Anguilla Island History
Don't assume that the serenity of Anguilla today has pervaded Anguilla history - this colony has endured interesting and sometimes turbulent periods that have had a direct impact upon its current socio-political situation.
The first European occupants in Anguilla history were the Dutch, who were purported to have constructed a fort here in 1631 despite evidence of it never having been found. Twenty years later the island began colonization under the British, who originated on nearby St. Kitts, the beginning of a relationship that has lasted nearly uninterrupted through Anguilla history until today. Though most of the people of Anguilla are of African descent, Anguilla history is not tainted with stories of slavery as are most other Caribbean isles. Its limestone base made Anguilla unsuitable for agriculture; British settlers and other Caribbean migrants, therefore, made their livelihoods throughout Anguilla history in fishing and other sea exploits.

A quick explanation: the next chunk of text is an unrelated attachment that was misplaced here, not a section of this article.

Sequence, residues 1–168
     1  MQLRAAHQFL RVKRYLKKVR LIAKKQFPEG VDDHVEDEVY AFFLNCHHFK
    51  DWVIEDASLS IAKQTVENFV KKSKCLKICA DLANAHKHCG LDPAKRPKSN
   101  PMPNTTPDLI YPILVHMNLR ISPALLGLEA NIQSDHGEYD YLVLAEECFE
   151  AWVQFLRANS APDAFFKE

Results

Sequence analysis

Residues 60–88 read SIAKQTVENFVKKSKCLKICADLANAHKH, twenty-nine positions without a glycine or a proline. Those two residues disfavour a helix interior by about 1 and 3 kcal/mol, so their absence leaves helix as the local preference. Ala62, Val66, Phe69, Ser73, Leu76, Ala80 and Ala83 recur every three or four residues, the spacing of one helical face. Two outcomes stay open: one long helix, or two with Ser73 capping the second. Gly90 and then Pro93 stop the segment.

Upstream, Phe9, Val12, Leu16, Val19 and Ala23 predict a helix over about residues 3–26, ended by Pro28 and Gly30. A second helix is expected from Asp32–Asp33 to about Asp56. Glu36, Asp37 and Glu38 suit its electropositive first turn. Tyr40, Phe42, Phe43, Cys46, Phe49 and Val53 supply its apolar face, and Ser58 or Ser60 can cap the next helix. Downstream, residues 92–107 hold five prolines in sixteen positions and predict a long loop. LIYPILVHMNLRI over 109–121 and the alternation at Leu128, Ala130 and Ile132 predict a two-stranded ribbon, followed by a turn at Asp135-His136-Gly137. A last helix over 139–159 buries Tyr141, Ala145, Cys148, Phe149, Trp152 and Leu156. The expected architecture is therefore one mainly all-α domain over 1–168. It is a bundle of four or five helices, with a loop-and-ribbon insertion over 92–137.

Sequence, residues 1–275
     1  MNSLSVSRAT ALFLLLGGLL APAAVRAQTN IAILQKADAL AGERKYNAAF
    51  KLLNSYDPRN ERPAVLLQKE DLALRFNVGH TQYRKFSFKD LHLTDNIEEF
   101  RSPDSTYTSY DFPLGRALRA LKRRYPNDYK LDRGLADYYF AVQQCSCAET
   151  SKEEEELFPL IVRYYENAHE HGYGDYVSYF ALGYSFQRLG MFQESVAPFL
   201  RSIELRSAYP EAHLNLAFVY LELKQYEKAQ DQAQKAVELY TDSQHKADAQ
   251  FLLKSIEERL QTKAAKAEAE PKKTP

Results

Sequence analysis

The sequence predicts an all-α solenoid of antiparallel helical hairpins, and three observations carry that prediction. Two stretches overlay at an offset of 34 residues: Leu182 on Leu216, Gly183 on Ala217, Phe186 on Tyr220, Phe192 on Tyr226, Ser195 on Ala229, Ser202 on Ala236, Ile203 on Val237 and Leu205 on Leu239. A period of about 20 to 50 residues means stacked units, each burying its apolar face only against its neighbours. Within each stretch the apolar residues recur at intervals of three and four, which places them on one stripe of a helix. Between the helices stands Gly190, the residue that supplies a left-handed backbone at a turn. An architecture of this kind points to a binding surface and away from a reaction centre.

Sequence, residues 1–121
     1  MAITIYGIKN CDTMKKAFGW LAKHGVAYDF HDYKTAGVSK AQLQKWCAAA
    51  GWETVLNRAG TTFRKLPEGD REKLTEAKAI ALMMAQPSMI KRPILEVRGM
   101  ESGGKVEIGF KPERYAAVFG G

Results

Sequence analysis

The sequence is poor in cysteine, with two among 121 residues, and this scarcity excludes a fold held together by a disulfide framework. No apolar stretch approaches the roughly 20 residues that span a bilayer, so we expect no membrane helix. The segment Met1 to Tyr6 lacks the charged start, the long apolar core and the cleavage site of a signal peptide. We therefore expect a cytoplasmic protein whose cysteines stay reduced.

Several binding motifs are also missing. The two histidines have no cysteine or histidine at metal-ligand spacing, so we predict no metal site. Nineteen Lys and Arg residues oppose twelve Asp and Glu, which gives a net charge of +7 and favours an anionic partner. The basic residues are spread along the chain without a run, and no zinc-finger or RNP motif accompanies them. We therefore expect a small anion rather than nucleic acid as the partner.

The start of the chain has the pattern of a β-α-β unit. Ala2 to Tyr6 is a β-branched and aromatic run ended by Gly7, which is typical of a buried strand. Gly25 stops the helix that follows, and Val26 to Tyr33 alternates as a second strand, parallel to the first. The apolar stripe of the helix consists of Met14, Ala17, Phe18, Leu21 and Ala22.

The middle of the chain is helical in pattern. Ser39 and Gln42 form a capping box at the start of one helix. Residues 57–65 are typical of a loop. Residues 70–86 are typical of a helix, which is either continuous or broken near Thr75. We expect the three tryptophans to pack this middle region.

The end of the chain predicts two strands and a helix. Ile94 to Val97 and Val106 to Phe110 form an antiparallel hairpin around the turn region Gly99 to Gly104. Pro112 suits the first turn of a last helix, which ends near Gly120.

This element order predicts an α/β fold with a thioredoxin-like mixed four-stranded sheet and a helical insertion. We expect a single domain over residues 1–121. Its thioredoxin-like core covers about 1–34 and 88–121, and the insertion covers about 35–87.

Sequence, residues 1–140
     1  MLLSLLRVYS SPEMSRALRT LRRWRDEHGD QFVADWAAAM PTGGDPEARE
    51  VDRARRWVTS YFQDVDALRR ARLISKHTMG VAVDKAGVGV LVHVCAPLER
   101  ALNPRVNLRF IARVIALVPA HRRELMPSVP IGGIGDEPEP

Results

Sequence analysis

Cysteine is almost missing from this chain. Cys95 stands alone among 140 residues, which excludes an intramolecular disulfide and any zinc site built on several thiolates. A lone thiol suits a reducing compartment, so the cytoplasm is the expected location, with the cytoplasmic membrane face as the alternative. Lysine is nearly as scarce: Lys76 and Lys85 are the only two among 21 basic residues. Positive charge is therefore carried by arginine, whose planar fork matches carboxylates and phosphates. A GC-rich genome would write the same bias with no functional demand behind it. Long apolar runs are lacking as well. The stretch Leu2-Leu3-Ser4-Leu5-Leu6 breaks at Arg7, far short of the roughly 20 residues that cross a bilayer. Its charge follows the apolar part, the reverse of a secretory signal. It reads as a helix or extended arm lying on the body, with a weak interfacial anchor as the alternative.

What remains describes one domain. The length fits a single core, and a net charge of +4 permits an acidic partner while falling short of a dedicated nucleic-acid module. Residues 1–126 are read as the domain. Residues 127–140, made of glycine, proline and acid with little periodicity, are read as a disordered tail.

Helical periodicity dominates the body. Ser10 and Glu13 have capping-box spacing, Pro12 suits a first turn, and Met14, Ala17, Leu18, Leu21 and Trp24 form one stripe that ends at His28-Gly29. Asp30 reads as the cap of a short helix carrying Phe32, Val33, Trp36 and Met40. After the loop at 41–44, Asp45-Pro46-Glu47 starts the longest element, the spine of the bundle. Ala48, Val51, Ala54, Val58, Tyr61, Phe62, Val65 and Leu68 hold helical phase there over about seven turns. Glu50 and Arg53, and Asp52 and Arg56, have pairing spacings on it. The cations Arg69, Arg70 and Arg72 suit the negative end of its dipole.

The more controversial parts of Anguilla history, rather, come from the twentieth century, and were as a result of attempts to reorganize the political structure of the Caribbean. Though residents throughout Anguilla history have traditionally favored direct rule by the British, they were unwillingly herded into a union with St. Kitts and Nevis, creating an independent federation in 1967. Anguillan citizens rose up in protest, kicking St. Kitts leaders off of their island and resigning themselves to self-rule for two years. A British peacekeeping force quelled the uprising and granted Anguilla its status as an independent colony under British command. Anguilla history has since remained stable and has prospered peacefully, with an economy mainly reliant on a secure and well-managed tourism industry.
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